Thanks for the comment Jan – there’s a kind of magical thinking happening… “when things settle down, we’ll fix it.” And then “things” become LESS settled, and the basics of org health decline as the chaos increases…

  • Bettina Seidman says:

    Hi Josh – It is my experience as a current career management coach and former HR director, that long term advantages of almost anything is of little interest to many American businesses. Alas in a recessionary environment, companies are even less likely to look long term at any kind of training or coaching.

    Another thought I will share – whenever I conduct any kind of corporate training for an organization, I always recommend some kind of EQ work in a future module…. and it generally works.

  • Thanks, Josh! A great resource for all of us working for greater investment in EQ.

  • Roy Potter says:

    Hi Josh, this work and your committment to this work continues to inspire, inform and encourage me in my work to promote and encourage the development of respect and trust within my organization. As you noted in your reponse to Sally, “THE basic is relationship.”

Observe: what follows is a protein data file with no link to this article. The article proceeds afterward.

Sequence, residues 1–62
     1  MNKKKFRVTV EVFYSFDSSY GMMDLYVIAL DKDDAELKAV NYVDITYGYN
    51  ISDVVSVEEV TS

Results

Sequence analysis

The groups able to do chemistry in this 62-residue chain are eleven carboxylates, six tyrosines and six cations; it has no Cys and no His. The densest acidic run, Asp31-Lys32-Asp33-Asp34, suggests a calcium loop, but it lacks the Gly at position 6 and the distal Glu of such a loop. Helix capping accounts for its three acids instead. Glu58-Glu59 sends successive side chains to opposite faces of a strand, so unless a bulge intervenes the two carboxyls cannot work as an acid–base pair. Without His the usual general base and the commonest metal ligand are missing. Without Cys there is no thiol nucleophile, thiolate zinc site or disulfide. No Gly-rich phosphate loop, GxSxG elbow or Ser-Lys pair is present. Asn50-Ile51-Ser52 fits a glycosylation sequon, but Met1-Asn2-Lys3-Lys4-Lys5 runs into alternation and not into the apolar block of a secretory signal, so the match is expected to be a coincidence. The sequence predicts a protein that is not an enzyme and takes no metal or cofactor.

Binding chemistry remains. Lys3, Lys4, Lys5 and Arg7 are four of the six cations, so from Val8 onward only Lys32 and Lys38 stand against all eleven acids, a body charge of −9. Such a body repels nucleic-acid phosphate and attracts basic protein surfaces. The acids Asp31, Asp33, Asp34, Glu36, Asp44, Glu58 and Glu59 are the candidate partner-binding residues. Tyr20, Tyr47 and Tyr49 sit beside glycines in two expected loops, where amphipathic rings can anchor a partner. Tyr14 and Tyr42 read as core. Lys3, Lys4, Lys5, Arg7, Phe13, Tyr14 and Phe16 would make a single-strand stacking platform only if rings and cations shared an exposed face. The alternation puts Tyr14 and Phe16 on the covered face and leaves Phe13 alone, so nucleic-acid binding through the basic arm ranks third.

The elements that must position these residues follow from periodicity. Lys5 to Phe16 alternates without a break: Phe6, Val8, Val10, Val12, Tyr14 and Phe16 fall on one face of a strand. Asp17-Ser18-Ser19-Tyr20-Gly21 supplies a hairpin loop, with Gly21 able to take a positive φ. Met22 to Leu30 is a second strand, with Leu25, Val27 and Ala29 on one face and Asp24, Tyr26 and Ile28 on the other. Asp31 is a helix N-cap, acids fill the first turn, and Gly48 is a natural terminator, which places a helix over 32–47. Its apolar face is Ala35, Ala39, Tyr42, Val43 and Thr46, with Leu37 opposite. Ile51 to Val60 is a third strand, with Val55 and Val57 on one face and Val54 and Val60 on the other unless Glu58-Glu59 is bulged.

Best

    Roy

    • Joshua Freedman says:

      Thank you Roy – I know it’s like trying to turn a torrent by standing firm in the flood… but it’s work that must be done and I’m glad our piece is helping you do your piece… which will help the next guy do his piece… and we’ll see the change accelerate.

  • Avtar Saksena says:

    Hi Josh,

    It was a good reading and understanding of the subject. My only comment is that Why EQ is not working at work due to lack of ownership of work by majority of the employees . Now a days employees who deliver and perform are just 20% of the total workforce and with these 20% EQ works well.

    The concern is for 80% workforce.